Lightning Returns: Final Fantasy XIII

I bought three new games in February/early March. Well new in the sense that they were new to me. I haven’t put in a lot of time with them yet (damn you, Europa Universalis IV!), but I wanna share a few quick impressions for each. Were they worth my time and money? Let’s find out!

Lightning Returns: Final Fantasy XIII

The Final Fantasy XIII series and me have a troubled history. XIII broke my original PS3 and was basically shit. The battle system was pretty fun, but the plot was a jumbled mess of fal’Cie and l’Cie, Cocoons and Grand Pulses. Any game that comes with the caveat: “It really opens up and stops being linear after 20 hours” has some deep, deep structural problems.

I took a gamble on XIII-2 and found it rather delightful. It was like Doctor Who meets a JRPG. Weird time travel, end of the world prophecies, an annoyingly charming moogle, and an off-the-wall soundtrack. Even my then-girlfriend-now-wife enjoyed watching me play it, and normally she finds RPGs boring.

Lightning Returns screenshot

Lightning Returns got middling reviews, but I took a chance on it anyway. I liked the idea of playing as Lightning again (I didn’t mind her as a protagonist), and the battle system based on changing outfits (a la Final Fantasy X-2) caught my eye.

Buying it was a mistake. I lasted about two hours before I realized I never wanted to play the game again. See the main conceit is that the world is ending and Lightning has a set amount of time to save souls before the metaphorical lights go out. Problem is, the game’s structure is at odds with that conceit. You can’t level up except for completing side quests, and ones are only available at certain times of day, so you have to wait. And then your precious time is ticking away. And you basically need a goddamn day planner to schedule everything.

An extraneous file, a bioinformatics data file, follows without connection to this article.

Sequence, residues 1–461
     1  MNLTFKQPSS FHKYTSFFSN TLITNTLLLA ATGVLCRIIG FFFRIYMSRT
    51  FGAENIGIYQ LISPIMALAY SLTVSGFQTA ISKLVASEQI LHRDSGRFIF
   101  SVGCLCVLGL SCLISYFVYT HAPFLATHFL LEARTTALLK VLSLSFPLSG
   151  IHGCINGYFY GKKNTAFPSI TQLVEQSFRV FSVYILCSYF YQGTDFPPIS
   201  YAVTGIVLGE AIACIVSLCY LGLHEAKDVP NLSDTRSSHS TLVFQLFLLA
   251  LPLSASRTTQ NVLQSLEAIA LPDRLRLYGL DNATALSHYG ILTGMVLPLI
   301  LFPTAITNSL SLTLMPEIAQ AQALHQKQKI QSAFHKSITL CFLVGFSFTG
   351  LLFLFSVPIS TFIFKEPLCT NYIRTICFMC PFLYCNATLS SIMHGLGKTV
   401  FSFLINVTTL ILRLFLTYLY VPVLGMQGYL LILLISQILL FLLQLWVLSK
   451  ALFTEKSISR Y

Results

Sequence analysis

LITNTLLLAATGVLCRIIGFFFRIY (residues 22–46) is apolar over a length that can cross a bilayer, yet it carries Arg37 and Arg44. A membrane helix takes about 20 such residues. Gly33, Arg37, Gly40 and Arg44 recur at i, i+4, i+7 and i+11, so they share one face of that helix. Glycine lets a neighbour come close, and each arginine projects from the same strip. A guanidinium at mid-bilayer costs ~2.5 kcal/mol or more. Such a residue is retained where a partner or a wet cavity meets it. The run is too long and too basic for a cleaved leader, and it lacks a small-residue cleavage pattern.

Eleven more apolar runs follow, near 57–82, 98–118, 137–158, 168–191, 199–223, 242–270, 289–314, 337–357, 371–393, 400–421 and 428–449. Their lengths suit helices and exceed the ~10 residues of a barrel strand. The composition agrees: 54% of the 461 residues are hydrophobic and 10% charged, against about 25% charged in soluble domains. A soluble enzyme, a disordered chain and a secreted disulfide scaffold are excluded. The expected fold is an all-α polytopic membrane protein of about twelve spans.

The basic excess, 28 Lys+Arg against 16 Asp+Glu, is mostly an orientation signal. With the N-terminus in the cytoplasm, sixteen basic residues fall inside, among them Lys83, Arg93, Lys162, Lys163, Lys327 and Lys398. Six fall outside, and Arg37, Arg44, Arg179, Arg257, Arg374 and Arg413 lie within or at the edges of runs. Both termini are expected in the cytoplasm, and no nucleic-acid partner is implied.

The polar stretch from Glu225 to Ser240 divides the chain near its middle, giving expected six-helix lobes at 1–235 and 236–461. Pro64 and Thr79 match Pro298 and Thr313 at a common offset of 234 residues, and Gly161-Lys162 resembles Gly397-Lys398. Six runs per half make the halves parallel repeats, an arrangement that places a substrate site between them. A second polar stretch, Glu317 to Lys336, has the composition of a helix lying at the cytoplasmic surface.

It put so much pressure on me–my “do all the side quests mania” against the “explore everything at my leisure.” I hated that I was on the clock. At least with Majora’s Mask you have the ability to redo the three day period if you need more time or mess something up. Lightning Returns doesn’t have that safety net. I think GamesRadar’s review captures my problems with the game (the two hours I played) perfectly.

My time’s too short to waste on a game that feels more like work than play. Later, Lightning Returns.

Verdict: stay away and burn it with fire. Not worth it at all.

Need for Speed: Rivals

Now this is more like it! A game that’s more my (need for) speed. NFS: Rivals looks pretty. It drives well–closer to the arcade side of things rather than the realistic simulation side. And I like that you can play either as a rebel racer or a law-abiding cop. I’m worried that some of the missions might get repetitive, but I’m enjoying playing the game in my spare time.

Need for Speed Rivals

It’s not a game I’d sit down and play for hours on end, eager to power through it, but I can’t deny it’s ol’ fashioned high-speed fun.

Verdict: worth my used purchase.

Strider HD

I never played the original Strider games from the 80s and 90s. I picked the HD reboot/reimagining after watching a Let’s Look At by Northernlion. The game stars Strider Hiryu who I gather is some sort of future ninja with a laser sword thing. Sold!

Strider HD

The game’s fast paced, has a bit of that Metroid/Castlevania exploration thing going on. And I even got to fight a giant robotic dragon-snake thing. Yeah. The game’s cool, stylish, ridiculous, and apparently set in a world where Soviets are still bad guys.

The platforming and controls can be a bit slippery at times where I find myself power sliding the opposite way than I intended or slipping off platforms as I’m trying to climb up some dystopian skyscraper thing. It’s a minor irritation, but one I could see getting worse as the game’s difficulty increases in the later levels.

Verdict: worth buying (so far, could change as game goes on)